Charlottesville Breaking News
As far as music festivals go, certain regions of the country have it covered: Chicago has Lollapalooza, Tennessee has Bonnaroo, and Austin has South-by-Southwest. What more do we need?
According to local businessman and former City Council candidate Paul Beyer, there's plenty of room for more music meccas in the US– and Charlottesville is just the place for a large-scale, multifaceted festival to call home. Enter the Tom Tom Founders Festival, a month-long soiree that seems to emulate the feel of SXSW by combining live music, art shows, local food showcases, and business/innovation workshops to bring community possibility to the forefront of everyone's mind.
"Tom Tom's themes are about music, art, and innovation– those are all conversations that take place in Charlottesville to begin with," he says. "There's a sense of artistic possibility within the community as well as a political and business landscape."
Tom Tom looks to educate and inform festival-goers while striking just the right balance of celebration and revelry– which is where the music comes in. Music is obviously a draw for Cvillians, who boast a handful of large, big name arenas and concert halls as well as a bevy of intimate, unique hole-in-the-wall venues. With a music scene that has ebbed and flowed throughout the years– from rockers and jam bands in the '70s to songwriters, bluegrass/rockabilly, and indie-pop-rock groups dominating the circuit today– findi...
[Re: April 12 cover story: "Belmont
vortex: Vision vs. reality in Belmont Bridge debate"], three
big questions to mix it up at your next backyard BBQ:
1. The historical debate: "Is the Belmont Bridge replacement design a step forward or a step back?" Historians have articulated that the current bridge was, like the Vinegar Hill razing, a product of biased urban planning and Eisenhower-era highway hysteria. It cut off Downtown from the surrounding neighborhoods– geographically, socially, and economically. Do we want to repeat that mistake for simplicity's sake? Or do we care enough to rethink that critical junction from the ground up– and maybe even below. How would we do it now if we could do it over? (And, we can.)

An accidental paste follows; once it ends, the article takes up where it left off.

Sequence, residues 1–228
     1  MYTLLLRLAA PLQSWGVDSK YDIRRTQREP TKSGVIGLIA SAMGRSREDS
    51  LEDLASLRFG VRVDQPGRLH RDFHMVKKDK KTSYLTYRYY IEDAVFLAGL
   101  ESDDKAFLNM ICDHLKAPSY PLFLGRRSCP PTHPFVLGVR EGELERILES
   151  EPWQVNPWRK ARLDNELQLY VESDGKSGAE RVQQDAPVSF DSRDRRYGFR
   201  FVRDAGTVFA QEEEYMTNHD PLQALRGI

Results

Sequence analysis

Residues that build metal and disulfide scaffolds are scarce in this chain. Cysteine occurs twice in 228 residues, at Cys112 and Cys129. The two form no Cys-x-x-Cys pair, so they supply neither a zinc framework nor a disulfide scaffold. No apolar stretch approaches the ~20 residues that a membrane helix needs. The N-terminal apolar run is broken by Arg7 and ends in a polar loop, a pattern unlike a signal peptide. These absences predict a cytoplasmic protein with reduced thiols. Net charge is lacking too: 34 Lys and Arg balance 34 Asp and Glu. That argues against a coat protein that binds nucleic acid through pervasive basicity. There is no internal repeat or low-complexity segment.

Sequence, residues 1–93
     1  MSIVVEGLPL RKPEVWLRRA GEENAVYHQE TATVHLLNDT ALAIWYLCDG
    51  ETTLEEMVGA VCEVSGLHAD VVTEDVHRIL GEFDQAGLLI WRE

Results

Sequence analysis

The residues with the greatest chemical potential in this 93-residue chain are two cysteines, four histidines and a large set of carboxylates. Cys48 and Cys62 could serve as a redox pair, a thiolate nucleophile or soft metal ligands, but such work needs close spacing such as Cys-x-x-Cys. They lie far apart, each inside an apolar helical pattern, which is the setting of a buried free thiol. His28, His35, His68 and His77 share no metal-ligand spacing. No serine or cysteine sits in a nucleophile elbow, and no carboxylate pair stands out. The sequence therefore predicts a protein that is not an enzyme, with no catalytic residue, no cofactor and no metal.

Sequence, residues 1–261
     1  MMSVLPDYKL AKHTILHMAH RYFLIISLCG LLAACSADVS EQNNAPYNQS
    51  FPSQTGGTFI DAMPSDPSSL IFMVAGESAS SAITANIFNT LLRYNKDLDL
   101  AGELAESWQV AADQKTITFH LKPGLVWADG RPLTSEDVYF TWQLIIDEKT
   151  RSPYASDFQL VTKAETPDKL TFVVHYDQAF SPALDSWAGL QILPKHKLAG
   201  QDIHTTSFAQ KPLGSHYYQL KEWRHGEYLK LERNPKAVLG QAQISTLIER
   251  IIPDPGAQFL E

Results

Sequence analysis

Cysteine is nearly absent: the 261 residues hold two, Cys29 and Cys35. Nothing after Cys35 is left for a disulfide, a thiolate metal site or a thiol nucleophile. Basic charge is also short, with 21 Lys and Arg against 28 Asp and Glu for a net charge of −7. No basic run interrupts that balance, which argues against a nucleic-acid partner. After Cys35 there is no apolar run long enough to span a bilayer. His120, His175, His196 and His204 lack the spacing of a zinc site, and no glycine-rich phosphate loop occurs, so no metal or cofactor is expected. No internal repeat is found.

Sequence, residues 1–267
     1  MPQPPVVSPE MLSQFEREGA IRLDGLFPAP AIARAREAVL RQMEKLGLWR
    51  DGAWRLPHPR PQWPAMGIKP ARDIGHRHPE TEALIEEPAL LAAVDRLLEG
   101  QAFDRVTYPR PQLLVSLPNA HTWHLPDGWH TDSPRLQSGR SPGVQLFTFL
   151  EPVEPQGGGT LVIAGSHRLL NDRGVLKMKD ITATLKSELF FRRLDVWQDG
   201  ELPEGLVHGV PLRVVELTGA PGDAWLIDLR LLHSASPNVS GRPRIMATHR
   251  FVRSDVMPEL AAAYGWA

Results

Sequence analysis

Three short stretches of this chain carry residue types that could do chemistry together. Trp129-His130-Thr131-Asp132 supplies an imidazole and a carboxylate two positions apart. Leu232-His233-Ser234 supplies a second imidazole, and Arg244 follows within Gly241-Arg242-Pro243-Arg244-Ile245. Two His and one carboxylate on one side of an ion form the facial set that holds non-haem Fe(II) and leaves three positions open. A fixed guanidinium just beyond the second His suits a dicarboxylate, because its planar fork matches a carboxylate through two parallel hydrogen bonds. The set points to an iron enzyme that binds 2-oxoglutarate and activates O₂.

2. The metaphysical riddle: "Are we designing for a journey or a destination?" True, we could spend $14.5 million on a utilitarian slab of road. Or, we could create an enduring piece of Charlottesville culture– an arts district, a central park, a permanent farmer's market (add your dream here). Infrastructure is about opportunity. The Rotunda is more than a classroom. The Downtown Mall is more than a mall. That's how we do it in Charlottesville, right? Rethinking the Belmont Vortex should take us somewhere far greater than the mere distance from Levy to Market Street.
3. The political hot potato: "Who is the p...
"She is impressive," says Charlottesville-based evolutionary psychiatrist Andy Thomson, speaking of Sarah Blaffer Hrdy, a University of California-Davis-based researcher who is one of the world’s foremost experts on mothering and the mother-child relationship. Her works includeMother Nature and Mothers and Others, the latter of which is gaining her a visit and an award at UVA on Thursday in McKim Hall, a building along Hospital Drive.
April 26th, Leonard Sandridge Auditorium, 4pm, free
Art and theater
Downtowners know all about First Fridays, but what about Final Fridays, the collection of arts events UVA organizes in the area now fondly called the John & Betsy Casteen Arts Grounds, which serves as the site of the academic year's fi...